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Morgan’s Tip of the Week – Out of State Accidents

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Greetings, by special request, this tip will address Florida-based employee’s who are injured while working out of the state or country (due to the hurricanes or any reason).

In general, if it is simply a business trip, the claimant would be considered a traveling employee and in most instances the entire trip is covered under 440.092(4).  There are always exceptions such as significant deviations (going skiing), etc…

The issue  at hand is more of a Florida employee who relocates for work for a period of time.  The statute does address this situation specifically in 440.09(1), and covers out of state accidents if the contract of employment was made in Fla and/or the employment was principally localized in the state.

440.09 (1) (d) If an accident happens while the employee is employed elsewhere than in this state, which would entitle the employee or his or her dependents to compensation if it had happened in this state, the employee or his or her dependents are entitled to compensation if the contract of employment was made in this state, or the employment was principally localized in this state..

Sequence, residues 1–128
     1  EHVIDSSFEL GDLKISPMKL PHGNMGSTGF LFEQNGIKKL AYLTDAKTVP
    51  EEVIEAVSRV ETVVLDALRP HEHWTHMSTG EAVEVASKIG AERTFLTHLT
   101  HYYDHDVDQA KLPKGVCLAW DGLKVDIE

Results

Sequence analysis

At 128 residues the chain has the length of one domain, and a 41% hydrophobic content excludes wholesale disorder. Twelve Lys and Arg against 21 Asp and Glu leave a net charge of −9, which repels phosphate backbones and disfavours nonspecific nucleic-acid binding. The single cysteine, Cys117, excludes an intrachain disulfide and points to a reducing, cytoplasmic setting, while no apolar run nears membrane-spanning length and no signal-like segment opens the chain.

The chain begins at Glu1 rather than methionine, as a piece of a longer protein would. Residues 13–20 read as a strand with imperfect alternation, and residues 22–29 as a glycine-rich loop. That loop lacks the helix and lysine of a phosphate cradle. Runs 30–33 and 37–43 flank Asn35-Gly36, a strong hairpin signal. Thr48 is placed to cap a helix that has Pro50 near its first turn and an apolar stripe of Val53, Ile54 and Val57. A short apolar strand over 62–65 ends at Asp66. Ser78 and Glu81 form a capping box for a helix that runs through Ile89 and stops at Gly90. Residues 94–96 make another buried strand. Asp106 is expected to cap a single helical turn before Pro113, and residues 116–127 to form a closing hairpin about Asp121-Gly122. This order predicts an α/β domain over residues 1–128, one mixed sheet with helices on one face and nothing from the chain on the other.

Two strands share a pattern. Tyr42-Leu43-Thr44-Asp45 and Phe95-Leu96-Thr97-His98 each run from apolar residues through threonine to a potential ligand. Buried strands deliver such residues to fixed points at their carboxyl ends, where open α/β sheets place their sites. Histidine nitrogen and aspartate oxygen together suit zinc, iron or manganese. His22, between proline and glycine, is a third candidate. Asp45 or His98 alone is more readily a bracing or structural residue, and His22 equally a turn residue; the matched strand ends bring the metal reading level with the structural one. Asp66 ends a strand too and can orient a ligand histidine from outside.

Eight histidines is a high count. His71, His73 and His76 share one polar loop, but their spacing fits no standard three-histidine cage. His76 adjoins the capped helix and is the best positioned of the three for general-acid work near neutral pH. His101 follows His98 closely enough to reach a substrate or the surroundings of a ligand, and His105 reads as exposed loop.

And then the statute also has 440.094 which basically says if the claimant normally lives and works in Fla, they can also file in Florida if they get hurt on a temporary out of state work assignment.

 

440.094 Extraterritorial reciprocity.—

(1) If an employee in this state subject to this chapter temporarily leaves the state incidental to his or her employment and receives an accidental injury arising out of and in the course of employment, the employee is, or the beneficiaries of the employee if the injury results in death are, entitled to the benefits of this chapter as if the employee were injured within this state.

(7) For purposes of this section, an employee is considered to be temporarily in a state doing work for an employer if the employee is working for his employer in a state other than the state where he or she is primarily employed, for no more than 10 consecutive days, or no more than 25 total days, during a calendar year.

So each case is fact specific, but the general rules you have to look for for Fla coverage are:

  1. Accident in Florida, or
  2. Claimant lives in Fla and was injured on temporary assignment, or
  3. Contract of employment was made in Fla, or
  4. (regular) Employment was principally localized in Florida.

If you have any questions please let me know.

 

Sincerely,

Morgan Indek | Partner